Mineral Oil - A substance used to loosen stuck shed and to treat constipation. For more information, see the First Aid Kit page.
Mites - Tiny external parasites (see below) that can sometimes infest iguanas and their habitats. Mites are arachnids - related to spiders - and suck blood from their hosts. An iguana with mites must be aggressively treated. For more information on mites, see the Parasites page.
Mouth Rot - Also referred to as stomatitis or ulcerative stomatitis, mouth rot is a secondary infection whose syptoms include yellow or yellow-white, cheesy-looking saliva and mouth sores. Mouth rot is indicative of another infection elsewhere in the body, and iguanas exhibiting signs of mouth rot need immediate veterinary care. For more information on mouth rot, see the Other Diseases page.
Necropsy - The term for an animal autopsy. Necropsies are often performed by veterinarians after an iguana's death to help determine the exact cause of death. Although many owners do not like the idea of having a necropsy performed on their iguana, such investigations help owners and veterinarians impove their understanding of iguana physiology and the proper way to care for them. For more information about the importance of necropsies, visit the Dealing with Death page.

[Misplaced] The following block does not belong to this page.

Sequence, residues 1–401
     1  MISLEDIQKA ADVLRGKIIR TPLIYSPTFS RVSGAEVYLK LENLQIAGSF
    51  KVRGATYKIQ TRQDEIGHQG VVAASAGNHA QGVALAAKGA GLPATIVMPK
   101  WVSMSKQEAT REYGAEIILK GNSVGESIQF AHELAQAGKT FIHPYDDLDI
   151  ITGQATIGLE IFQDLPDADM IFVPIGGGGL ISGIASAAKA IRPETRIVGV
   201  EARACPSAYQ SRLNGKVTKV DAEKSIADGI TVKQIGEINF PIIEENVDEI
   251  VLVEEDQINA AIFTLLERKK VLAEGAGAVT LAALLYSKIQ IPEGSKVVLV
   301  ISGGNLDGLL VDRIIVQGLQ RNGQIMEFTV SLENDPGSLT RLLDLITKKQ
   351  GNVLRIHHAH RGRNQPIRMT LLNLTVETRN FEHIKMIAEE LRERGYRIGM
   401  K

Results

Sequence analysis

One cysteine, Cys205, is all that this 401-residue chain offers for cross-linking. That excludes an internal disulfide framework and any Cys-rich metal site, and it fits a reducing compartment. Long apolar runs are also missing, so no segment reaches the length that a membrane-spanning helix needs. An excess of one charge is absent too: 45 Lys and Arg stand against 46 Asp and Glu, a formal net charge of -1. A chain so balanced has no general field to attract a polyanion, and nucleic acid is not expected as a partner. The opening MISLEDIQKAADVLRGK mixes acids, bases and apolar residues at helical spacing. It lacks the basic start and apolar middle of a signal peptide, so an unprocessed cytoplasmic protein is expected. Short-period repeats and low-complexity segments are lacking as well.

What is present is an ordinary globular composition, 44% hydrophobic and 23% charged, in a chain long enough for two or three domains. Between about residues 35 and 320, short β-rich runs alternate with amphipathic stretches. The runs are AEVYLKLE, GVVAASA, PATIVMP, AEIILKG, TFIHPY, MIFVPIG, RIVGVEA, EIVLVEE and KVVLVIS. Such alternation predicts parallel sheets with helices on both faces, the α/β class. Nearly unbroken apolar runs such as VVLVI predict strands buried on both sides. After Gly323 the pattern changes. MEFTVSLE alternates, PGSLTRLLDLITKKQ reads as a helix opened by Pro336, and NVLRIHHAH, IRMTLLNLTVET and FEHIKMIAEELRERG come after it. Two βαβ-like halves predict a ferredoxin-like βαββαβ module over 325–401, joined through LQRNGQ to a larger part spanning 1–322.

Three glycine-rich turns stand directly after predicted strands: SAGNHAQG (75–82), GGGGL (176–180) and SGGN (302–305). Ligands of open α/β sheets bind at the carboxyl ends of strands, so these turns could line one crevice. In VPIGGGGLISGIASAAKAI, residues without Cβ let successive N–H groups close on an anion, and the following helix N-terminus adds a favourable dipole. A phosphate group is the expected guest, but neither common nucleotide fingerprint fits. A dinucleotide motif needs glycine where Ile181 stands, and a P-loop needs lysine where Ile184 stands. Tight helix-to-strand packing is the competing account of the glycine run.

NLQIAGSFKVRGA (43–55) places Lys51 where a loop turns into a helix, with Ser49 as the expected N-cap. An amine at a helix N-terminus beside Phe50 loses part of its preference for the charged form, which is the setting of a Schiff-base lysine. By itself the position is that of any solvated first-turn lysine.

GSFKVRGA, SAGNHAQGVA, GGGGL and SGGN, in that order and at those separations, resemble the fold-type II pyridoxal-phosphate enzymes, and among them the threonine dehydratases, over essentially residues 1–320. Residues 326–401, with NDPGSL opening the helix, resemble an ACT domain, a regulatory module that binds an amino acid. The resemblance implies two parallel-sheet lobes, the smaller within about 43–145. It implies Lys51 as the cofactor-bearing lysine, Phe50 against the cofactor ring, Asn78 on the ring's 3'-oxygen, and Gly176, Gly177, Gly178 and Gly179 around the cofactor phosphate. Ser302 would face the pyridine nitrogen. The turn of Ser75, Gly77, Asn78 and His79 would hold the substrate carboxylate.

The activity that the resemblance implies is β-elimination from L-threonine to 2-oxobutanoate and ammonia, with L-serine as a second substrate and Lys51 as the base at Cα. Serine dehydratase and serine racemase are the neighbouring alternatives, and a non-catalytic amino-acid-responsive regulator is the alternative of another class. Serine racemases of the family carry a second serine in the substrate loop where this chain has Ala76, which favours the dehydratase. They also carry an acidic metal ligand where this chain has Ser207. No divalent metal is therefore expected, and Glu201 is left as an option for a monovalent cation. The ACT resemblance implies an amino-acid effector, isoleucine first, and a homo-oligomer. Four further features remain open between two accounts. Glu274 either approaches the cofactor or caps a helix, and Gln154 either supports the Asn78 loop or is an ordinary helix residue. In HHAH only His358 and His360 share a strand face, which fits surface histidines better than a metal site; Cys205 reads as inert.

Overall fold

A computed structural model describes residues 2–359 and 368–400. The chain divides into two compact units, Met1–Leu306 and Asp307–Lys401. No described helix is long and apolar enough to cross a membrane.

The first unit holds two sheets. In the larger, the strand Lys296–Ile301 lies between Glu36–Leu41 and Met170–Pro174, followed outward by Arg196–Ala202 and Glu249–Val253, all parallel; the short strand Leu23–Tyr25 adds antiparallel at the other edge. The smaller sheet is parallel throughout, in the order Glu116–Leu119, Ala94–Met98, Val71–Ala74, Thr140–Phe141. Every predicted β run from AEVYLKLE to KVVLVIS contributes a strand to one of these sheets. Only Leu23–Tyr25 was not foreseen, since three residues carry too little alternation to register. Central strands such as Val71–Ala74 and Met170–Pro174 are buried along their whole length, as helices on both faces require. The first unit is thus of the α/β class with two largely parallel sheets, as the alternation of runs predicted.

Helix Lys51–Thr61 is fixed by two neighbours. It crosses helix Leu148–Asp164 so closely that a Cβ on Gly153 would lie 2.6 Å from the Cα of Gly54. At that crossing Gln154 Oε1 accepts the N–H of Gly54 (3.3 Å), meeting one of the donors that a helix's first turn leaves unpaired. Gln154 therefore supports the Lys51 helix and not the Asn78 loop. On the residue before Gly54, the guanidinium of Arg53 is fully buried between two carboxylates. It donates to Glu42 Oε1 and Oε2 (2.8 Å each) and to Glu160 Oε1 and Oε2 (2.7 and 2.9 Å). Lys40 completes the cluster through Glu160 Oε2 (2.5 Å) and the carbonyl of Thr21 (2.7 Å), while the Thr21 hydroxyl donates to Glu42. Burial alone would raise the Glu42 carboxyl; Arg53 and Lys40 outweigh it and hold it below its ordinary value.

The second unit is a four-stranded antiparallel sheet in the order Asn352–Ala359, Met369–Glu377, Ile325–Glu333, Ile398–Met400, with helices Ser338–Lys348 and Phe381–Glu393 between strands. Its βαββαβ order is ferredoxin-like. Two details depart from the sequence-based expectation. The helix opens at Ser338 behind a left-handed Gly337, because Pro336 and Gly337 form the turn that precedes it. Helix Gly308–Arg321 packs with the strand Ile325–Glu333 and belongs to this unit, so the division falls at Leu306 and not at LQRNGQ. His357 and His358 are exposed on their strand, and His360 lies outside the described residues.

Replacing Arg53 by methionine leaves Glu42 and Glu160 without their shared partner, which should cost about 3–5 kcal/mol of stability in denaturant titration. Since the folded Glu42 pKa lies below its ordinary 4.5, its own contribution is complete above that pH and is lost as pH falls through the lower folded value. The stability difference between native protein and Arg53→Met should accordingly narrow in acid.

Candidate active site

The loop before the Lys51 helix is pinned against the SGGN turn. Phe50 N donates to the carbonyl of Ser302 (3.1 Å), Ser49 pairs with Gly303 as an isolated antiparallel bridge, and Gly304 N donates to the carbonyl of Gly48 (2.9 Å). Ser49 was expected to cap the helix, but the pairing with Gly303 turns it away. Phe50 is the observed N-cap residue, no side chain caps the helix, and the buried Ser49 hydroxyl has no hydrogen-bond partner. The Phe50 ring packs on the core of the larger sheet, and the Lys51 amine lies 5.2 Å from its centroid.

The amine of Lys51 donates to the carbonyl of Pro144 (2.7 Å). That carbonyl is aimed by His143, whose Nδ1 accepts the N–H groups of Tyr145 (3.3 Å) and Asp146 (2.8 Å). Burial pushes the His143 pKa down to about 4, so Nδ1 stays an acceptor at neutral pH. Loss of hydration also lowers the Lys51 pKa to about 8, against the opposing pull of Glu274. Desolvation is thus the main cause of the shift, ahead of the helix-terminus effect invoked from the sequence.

Neuter - Surgery performed on male iguanas to remove the testes. Neutering of males is not commonly done because the surgery itself is difficult. Also, removal of the testes has not been shown to lessen breeding-season aggression. For more information on breeding season aggression and neutering in males, see the Breeding Season Issues page.
Nolvasan - A commonly used brand of chlorhexidine diacetate disinfectant. Nolvasan can be used to clean and disinfect iguana habitat accessories, and can be used to cleanse wounds. For more information, see the First Aid Kit page.
Nose Rub - A term used to describe both a common wound obtained when an iguana rubs its nose against an object, and the behavior itself. Iguanas often nose rub when they want to get out of their enclosures. They will rub their nose on the side of an aquarium, the door of an enclosure, or even the door of a room in a home, if they wish to get out of the area. Chronic nose rubbing is often a sign of stress, and may indicate that the enclosure is too small. For more information on nose rubs and how to treat the wounds, see the Miscellaneous Conditions page.